A common gene variant for the protein Aquaporin-1 lowers the amount of water channels in the cell membranes. This reduces water transport and leads to a higher risk of death in patients with kidney failure treated with peritoneal dialysis. In such cases, specific osmotic solutions should be used, as an international research team led by the University of Zurich has shown.
Every day, the human kidneys clean about 1,500 liters of blood by producing approximately 1-2 liters of urine. Thereby, the body gets rid of excess water and toxic waste products of the metabolism or also drugs and maintains the balance of water and minerals in the tissues. While waiting for kidney transplantation, patients with chronic kidney failure must be treated regularly with dialysis that cleanses the body of fluid and deleterious substances. Peritoneal dialysis, which can be done at home with only minimal medical and technical support, is gaining popularity across the world. Today, kidney failure is a growing medical concern, concerning up to 10% of individuals globally.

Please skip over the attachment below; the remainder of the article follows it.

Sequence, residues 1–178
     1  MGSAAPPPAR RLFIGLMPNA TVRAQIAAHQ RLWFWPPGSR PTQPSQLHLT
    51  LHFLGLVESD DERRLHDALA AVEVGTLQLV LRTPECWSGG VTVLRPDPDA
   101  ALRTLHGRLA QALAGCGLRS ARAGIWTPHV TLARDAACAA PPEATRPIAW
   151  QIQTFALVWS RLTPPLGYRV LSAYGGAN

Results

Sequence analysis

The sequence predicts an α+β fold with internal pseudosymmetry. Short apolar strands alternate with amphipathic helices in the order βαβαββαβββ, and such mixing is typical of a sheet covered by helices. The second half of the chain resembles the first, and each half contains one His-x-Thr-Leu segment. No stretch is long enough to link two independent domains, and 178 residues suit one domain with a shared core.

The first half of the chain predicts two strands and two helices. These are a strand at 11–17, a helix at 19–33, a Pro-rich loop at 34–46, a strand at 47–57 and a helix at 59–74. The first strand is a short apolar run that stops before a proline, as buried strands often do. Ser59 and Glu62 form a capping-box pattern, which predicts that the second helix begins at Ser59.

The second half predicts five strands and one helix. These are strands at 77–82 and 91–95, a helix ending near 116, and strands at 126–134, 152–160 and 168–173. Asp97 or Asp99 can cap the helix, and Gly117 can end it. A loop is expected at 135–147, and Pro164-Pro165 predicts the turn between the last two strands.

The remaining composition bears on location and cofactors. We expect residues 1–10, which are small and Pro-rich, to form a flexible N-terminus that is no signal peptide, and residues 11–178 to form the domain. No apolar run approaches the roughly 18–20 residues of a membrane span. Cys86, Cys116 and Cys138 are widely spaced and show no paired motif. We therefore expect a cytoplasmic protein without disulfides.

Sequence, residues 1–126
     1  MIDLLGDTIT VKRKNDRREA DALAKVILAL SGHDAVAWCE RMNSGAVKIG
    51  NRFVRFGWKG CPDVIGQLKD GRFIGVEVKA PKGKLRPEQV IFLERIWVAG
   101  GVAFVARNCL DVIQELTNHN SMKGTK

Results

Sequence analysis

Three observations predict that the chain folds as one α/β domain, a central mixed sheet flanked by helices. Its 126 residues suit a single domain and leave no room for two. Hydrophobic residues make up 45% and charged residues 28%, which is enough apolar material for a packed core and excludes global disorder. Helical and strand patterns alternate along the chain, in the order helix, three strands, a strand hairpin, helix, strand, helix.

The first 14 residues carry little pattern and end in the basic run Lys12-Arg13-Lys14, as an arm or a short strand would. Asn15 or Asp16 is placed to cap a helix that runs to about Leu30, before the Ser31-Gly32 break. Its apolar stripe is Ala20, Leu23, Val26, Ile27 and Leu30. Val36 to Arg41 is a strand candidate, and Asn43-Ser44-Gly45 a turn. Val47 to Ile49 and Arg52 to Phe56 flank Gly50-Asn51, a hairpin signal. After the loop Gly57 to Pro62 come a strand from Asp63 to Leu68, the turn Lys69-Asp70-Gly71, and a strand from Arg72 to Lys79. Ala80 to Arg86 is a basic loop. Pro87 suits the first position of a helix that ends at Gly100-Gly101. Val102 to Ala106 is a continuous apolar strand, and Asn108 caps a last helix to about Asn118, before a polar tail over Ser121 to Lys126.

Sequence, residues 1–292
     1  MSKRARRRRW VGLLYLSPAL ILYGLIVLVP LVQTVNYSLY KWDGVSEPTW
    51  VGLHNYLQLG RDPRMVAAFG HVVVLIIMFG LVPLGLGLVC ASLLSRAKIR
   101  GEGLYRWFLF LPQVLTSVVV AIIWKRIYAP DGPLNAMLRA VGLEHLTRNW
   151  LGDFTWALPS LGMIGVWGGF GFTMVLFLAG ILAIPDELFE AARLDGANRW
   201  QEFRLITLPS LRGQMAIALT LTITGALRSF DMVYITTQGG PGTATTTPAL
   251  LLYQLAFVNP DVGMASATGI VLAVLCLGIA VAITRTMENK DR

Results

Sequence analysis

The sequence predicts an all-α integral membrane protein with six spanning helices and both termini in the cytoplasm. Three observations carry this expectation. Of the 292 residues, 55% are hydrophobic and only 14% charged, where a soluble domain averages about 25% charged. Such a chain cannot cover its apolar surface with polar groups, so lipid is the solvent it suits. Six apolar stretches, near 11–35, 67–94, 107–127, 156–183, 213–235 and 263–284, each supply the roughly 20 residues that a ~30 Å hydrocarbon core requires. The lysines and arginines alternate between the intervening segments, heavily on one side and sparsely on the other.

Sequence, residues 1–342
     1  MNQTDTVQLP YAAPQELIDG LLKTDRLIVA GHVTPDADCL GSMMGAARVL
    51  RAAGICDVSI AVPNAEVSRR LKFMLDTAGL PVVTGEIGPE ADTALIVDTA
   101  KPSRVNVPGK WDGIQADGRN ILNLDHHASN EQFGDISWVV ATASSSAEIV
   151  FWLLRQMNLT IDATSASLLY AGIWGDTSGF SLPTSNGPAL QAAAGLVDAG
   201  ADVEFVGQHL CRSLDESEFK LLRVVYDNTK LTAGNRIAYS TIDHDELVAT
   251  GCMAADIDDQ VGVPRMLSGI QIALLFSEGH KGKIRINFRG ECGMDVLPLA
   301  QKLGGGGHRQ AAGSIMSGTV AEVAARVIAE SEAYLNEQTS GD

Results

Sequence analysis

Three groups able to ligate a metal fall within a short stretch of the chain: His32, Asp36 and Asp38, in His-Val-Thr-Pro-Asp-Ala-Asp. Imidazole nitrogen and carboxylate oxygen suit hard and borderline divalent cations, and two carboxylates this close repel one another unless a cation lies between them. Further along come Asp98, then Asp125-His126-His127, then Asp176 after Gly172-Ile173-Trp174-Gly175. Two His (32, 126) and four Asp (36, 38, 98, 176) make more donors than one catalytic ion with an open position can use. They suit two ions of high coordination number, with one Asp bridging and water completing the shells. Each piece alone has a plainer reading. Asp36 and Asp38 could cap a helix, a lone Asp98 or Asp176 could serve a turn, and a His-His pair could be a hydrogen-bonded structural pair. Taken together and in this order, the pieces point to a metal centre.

Common variant of water transporter gene increases risk of deathAn international research team led by the University of Zurich (UZH) has now identified a common variant in the AQP1 gene coding for the water channel called Aquaporin-1 that has a significant effect on treatment efficacy and patient survival on dialysis. "The identification of this common genetic factor regulating the expression of Aquaporin-1, which is associated with a higher risk of death and technique failure, provides a big step for precision medicine in dialysis," says study coordinator and last author Olivier Devuyst from the UZH Department of Physiology. "The gene variant is driving the outcome of peritoneal dialysis and the choice of treatment modalities, which is very important for the care and outcome of patients with kidney failure," he adds.
The efficiency of dialysis depends on how well it removes excess of water, restores normal body fluid status, and clears waste substances. Peritoneal dialysis is based on osmosis: the introduction of an osmotic solution in the peritoneal cavity drives water transport preferentially through the Aquaporin-1 channels, which constitute the body's plumbing system. Previous studies by Devuyst' group showed that Aquaporin-1 is abundant in endothelial cells lining capillaries of the peritoneum, where it mediates fast osmotic water transport across cell membranes and up to half of the water removal during dialysis, a process named ultrafiltration.